Animal Place: Where Magical Things Happen

Animal Place
Illustration by Eric Sakach

By Kim Sturla

Illustrated by Eric Sakach

1994. Softcover. 44 pages. Order from UPC $9 + $2 S&H.

Animal Place, 3448 Laguna Creek Trail, Vacaville, CA 95688 (707-449-4814)

Reviewed by Karen Davis, PhD

What makes Kate finally accept spending her weekend with "a bunch of stupid animals" is her Mom promising her a stop at Hamburger Universe on the way home. So how come, two days later, the little girl skips the Saturn cheeseburger and tells her Dad and brother Joe, "I'll just have some fries"?

Can a cow really enlighten a child's universe and put her on another planet? In Animal Place: Where Magical Things Happen, this happens. Though ironically it is Joe who can't wait to visit the exciting refuge for dogs, cats, cows, chickens, pigs and the rest of the gang, it is stubborn Kate who has the illuminating experience. Her mentor--"this enormous beast with two large eyes the color of chocolate and bordered with eyelashes as long as her fingers"--is Jesse, the cow.

Like all the other animals at Animal Place, Jesse has a special story inside her. And while pouting Kate is "careful not to listen too closely, for fear she might get interested," she absorbs the fragments of information about each animal imparted by her Aunt Kim and Uncle Ned as she and Joe tour this refuge filled with "green grass and more animals than they ever believed possible√Ďall roaming around peacefully." Most importantly, Kate is subconsciously touched by a cow who, blessed with luck and courage, had managed to jump out of the truck taking her to slaughter when she was a calf.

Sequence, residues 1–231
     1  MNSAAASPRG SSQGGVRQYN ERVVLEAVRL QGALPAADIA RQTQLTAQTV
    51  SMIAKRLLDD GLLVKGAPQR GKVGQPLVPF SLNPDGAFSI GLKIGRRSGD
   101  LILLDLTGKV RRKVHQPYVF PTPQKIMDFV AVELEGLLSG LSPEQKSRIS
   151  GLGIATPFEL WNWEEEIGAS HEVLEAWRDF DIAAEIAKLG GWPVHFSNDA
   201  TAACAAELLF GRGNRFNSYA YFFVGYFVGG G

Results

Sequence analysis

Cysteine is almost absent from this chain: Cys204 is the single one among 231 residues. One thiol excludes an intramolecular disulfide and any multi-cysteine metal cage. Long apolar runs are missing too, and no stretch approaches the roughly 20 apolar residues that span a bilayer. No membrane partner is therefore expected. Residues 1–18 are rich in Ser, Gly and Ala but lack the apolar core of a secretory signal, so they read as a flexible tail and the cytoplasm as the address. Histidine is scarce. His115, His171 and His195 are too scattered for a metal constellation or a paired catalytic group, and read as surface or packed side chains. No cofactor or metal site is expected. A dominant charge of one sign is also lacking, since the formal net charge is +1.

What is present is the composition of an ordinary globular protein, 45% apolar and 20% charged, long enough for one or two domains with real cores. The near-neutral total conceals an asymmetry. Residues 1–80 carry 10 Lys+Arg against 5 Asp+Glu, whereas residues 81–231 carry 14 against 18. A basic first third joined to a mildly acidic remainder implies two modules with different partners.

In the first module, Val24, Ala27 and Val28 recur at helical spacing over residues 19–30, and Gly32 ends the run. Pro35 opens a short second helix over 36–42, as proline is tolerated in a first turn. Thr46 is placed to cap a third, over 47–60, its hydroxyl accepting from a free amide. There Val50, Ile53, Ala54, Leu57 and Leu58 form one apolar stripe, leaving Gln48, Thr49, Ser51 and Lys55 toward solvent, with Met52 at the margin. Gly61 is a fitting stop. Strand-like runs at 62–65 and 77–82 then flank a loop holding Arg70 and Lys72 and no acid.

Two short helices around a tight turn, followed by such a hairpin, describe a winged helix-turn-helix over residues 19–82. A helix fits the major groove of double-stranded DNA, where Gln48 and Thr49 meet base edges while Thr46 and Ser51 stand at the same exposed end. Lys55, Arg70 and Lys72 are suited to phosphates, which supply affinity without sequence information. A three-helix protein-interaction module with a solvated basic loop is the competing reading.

This enchanting story is based on a real Animal Place, a nonprofit sanctuary for abused and unwanted farm animals co-founded by the author, Kim Sturla, director of The Fund for Animals office in Vacaville, CA, and Nedim Buyukmihci, a professor of veterinary ophthalmology at the University of California, Davis. The book is wonderfully illustrated in black & white and in color by Eric Sakach. It includes a glossary of key terms like "refuge" and "protect" and a biographical sketch and photo of each animal featured in the story--Jesse the cow, Betty the chicken, Venus the pot-bellied pig, and the others.

For like Kate's dream, this fiction is firmly rooted in reality. It shows, as does Jim Mason's book An Unnatural Order (1993), that while humans may not have their fellow animals consciously in mind very often in today's world, "nevertheless they are wired into some of the basic circuits of our brains. They are still alive, well, and kicking at the deepest levels of our consciousness." Animal Place is for children; An Unnatural Order is for adults. However, both books beckon irresistibly to those who intelligently desire to know and to cherish, instead of stupidly banishing and abusing, their next of kin.